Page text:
 “The county had no right to collect the money, and it took the same with notice that the rights of all who
        were to share in the taxes were disputed by these claimants and were being contested in the pending
        suits. In these circumstances it could not lessen its liability by paying over a portion of the money to
        others whose rights it knew were disputed and were no better than its own.”

Bush v. Gore (2000): was Supreme Court of Florida cheating? Or was the SCT cheating in refusing to follow
law as Florida pronounced it?


Adequate+Independent State Ground Doctrine: if state court decision rests on a proposition of state law that
is adequate to support the judgment + independent of federal law, SCT will hold it lacks jurisdiction to review.

Problem: Supreme Court Review
The defendant in a state criminal prosecution contends that the confession the state has introduced against him
is involuntary under both the State Constitution and the U.S. Constitution.
      Hypo 1: The State Supreme Court upholds the defendant’s position on both state and federal grounds.
        Does the U.S. Supreme Court have jurisdiction to review the case? NO.
      Hypo 2: If the state judiciary upholds the defendant’s contention on state law grounds only, can the
        Supreme Court review? NO. Does it make any difference whether the state judiciary held against the
        defendant’s federal contention or simply didn’t reach it? NO.
      Hypo 3: If the state judiciary rules against the defendant on both state and federal grounds, can the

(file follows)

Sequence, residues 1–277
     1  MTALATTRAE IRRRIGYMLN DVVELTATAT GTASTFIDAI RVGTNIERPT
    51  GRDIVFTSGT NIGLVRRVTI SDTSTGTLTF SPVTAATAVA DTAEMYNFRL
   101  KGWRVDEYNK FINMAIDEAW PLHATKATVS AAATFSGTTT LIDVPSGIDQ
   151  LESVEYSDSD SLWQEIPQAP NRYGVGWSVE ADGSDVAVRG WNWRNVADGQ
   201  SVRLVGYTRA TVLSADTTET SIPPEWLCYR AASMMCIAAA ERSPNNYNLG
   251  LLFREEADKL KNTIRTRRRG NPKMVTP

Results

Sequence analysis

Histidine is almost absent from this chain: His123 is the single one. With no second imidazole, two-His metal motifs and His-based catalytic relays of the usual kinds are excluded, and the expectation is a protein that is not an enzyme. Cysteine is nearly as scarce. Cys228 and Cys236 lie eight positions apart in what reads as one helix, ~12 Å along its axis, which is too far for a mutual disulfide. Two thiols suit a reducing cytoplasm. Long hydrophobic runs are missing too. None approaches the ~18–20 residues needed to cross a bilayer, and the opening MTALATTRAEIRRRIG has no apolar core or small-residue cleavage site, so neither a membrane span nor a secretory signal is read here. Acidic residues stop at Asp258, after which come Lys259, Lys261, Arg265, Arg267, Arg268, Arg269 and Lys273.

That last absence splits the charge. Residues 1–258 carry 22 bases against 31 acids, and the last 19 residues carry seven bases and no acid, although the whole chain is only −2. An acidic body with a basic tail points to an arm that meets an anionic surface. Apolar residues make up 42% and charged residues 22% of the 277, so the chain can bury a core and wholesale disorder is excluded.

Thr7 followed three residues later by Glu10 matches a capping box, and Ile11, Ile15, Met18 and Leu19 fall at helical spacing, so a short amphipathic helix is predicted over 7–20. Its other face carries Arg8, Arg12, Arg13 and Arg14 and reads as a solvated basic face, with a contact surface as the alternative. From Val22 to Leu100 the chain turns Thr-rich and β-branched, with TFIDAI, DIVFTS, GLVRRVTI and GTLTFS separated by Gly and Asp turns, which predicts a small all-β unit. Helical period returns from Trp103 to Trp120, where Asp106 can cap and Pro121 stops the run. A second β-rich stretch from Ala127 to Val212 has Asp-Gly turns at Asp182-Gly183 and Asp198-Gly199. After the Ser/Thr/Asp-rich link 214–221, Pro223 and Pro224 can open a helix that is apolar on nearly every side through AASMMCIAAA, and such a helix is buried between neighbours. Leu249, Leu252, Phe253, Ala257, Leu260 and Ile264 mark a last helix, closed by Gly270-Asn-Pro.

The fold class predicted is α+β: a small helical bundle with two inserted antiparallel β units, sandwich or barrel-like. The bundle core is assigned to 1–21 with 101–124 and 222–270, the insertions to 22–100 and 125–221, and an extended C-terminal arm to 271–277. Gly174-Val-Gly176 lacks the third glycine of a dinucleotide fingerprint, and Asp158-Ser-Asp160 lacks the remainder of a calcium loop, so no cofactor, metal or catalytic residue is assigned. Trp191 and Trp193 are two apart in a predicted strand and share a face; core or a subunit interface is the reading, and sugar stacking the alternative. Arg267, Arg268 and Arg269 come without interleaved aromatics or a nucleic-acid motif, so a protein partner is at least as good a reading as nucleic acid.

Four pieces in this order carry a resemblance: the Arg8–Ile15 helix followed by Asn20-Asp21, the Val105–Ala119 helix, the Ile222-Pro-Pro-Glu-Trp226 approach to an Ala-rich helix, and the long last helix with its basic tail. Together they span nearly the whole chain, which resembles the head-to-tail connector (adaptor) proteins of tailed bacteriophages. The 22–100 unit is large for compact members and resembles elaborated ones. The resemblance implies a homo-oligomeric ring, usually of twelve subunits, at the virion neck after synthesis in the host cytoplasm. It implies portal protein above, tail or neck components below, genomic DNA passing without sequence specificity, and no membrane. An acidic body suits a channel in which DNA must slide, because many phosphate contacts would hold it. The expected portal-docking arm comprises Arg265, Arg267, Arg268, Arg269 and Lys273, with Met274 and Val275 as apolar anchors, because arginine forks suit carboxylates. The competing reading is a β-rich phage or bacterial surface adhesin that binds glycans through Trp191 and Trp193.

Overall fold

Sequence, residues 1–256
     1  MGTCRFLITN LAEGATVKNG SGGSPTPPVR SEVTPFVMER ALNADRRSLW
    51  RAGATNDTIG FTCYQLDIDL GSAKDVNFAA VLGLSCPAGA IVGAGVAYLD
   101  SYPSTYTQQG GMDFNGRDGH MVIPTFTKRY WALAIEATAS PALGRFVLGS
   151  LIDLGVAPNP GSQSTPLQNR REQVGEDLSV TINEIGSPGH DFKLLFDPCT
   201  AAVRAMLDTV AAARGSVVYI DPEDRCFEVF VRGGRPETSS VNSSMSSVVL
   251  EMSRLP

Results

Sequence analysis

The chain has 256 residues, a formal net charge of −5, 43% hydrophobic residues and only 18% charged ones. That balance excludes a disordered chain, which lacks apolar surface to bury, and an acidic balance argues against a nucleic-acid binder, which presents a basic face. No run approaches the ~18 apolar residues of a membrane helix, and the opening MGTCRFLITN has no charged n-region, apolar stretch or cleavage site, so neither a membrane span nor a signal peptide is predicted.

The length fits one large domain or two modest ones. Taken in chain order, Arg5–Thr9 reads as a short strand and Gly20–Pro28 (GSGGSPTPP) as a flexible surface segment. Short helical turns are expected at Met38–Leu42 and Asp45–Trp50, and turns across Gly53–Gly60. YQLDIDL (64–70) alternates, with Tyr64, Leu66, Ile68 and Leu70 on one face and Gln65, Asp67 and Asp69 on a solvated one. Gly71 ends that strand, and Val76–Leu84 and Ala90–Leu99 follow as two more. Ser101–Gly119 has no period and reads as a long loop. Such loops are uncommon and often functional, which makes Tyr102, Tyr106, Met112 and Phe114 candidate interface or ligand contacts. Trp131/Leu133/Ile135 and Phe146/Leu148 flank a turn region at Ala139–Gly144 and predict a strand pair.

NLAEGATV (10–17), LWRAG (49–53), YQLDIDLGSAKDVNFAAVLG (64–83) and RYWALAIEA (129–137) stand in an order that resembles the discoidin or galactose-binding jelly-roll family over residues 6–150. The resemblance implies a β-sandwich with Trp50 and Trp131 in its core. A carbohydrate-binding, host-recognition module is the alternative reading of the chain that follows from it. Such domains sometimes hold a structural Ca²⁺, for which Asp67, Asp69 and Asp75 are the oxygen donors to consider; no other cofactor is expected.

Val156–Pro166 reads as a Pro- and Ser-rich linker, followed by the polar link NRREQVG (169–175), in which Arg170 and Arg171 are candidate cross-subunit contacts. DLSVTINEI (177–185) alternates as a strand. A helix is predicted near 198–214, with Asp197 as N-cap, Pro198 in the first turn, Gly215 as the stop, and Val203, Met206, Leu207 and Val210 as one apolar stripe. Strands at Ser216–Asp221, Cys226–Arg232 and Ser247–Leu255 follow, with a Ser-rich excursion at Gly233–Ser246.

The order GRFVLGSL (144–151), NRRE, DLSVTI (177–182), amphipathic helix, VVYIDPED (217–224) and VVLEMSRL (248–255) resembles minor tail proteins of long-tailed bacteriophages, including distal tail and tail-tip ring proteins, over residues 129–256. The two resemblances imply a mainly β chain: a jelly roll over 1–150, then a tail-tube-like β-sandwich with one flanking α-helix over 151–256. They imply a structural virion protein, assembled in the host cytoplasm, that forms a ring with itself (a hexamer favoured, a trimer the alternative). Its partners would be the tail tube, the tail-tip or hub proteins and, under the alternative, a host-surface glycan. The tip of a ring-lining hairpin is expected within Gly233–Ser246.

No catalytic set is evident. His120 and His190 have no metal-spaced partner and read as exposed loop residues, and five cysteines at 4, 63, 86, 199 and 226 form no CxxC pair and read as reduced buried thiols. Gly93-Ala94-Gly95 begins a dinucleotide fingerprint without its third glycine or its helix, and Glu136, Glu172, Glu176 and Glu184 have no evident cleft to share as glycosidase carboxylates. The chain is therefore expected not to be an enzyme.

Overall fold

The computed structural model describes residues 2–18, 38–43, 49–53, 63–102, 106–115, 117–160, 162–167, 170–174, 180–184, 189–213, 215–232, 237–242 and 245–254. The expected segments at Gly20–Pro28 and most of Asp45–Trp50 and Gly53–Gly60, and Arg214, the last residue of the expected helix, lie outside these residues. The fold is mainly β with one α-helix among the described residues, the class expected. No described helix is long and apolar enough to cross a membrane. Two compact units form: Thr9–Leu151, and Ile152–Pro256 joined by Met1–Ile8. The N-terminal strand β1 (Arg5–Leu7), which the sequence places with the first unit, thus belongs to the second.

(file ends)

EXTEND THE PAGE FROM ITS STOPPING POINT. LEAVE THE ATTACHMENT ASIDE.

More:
Supreme Court review? YES.
      Hypo 4: If the state judiciary rules against the defendant on the state ground but in his favor on the
        federal ground, can the Supreme Court review? YES.
      Hypo 5: Could the Court review if the state judiciary had ruled in the defendant’s favor on the federal
        ground without deciding the state law issue? YES. If so, and if the U.S. Supreme Court reversed, could
        the state courts on remand rule in the defendant’s favor on the state issue? YES. Should we require
        state courts to decide state issues before they decide federal? Problem that really interfering with
        judicial decision-making. Often there are two issues in a case – one easy, one hard. If you know the
        answer to federal law, but state law question is complicated – why waste time figuring out state law.

If you want to come out in favor of gay marriage, and do not want SCT review – decide on state law! If you
want SCT review, try federal law only because you have the safety net of reviewing on state law if they reverse.
Does it make any sense for state courts to be able to choose whether or not to have Supreme Court review?

Dependent State Grounds: if state decision dependent on federal grounds = SCT can review
Standard Oil (1942) Black
Facts: California Motor Vehicle Fuel License Tax Act says not to tax “motor vehicle fuel sold to the
government of the United States or any department thereof.”
Issue: whether United States Army Post Exchanges qualify for this exemption?
     State question  meaning of state statute. California Supreme Court held Post Exchanges do not
       qualify for the exemption.
Held: SCT reverses – reinterprets California statute, which it says looks to federal law
     “If the court’s construction of §10 of the act had been based purely on local law, this construction would
       have been conclusive, and we should have to determine whether the statute so construed and applied is
       repugnant to the federal Constitution. But in deciding that post exchanges were not “the government of
       the United States or any department thereof,” the court did not rely upon the law of California. On the